A Vietnamnet report Wednesday said the study found most of more than 270 businesses surveyed were willing to pay or have paid bribes to "lubricate" procedures related to their business.
The survey was conducted in Hanoi, the northern city of Hai Phong, the central city of Da Nang, Ho Chi Minh City, the southern province of Dong Nai, and the Mekong Delta city of Can Tho as part of a project initiated by VCCI’s Steady Development for Businesses Office.
Money envelopes, travel tours, dinners and employment of officials' relatives were among several forms of bribes mentioned.
In some cases, officials earn profits from their shares in businesses, even though they never buy the shares, the study found.
It also found that many companies willing to pay bribes to get things done saw themselves as victims of the practice.
Sixty-three percent of surveyed businesses said the complicated and unclear system of licenses was one of the main causes of corruption in Vietnam.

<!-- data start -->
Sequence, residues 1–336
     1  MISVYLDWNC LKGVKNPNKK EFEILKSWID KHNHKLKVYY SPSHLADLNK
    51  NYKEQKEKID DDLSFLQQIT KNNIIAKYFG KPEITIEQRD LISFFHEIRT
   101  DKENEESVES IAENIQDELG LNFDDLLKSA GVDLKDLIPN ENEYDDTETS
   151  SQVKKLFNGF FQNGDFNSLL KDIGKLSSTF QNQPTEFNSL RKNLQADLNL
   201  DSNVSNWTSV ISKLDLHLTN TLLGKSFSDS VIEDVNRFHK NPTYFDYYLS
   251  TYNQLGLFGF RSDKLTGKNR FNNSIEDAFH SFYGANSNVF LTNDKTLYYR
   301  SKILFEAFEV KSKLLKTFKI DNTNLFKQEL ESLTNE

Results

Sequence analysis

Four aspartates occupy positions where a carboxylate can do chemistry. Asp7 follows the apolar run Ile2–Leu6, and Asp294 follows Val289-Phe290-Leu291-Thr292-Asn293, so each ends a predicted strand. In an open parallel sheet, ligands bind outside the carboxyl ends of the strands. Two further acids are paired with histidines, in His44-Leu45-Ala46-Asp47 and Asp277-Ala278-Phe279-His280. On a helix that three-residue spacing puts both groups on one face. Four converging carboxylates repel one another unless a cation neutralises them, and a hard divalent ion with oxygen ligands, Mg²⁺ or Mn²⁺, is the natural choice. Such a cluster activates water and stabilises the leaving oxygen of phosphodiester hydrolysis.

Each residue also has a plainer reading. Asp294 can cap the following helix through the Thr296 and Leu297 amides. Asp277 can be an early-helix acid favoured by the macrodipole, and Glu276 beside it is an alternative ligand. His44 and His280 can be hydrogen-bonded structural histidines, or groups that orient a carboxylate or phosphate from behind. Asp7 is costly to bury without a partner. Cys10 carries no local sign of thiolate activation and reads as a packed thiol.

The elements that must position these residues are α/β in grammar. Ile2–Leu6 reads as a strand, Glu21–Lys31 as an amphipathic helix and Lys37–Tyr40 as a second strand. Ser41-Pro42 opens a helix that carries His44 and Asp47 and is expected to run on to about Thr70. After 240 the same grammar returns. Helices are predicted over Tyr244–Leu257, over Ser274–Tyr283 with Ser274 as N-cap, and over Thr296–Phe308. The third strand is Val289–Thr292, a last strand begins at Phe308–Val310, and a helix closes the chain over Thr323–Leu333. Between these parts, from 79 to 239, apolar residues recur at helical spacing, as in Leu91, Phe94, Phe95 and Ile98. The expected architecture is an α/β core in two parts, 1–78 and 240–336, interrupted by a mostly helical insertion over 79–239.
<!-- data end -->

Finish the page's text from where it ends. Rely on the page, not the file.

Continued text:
More than half of the respondents said that it was a complicated process to lease land from the state, while over 60 percent said they need to have contacts in banks or “relationships” with credit officials to access the government’s loan initiatives.
Nearly 50 percent of the businesses that supply products and services to state-owned agencies and companies admitted they send gifts to officials who are in charge of contracts.
Nguyen Ngoc Anh, chief of the study team, said only 32 percent of the businesses felt that the current laws were strict enough to fight corruption.
Up to 87 percent said laws still have loopholes that allow corruption.
According to Anh, another great challenge was that even good laws were not enforced properly. Businesses also blamed the low salaries that state employees get as a factor encouraging corruption.
VCCI Vice chairman Doan Duy Khuong said businesses accept the "lubricating fees" for immediate benefit, but in the long run, the practice will “destroy" their business thinking and competitiveness.
Businesses should not invest much into “gifts” for officials, Khuong said. Like us on Facebook and scroll down to share your comment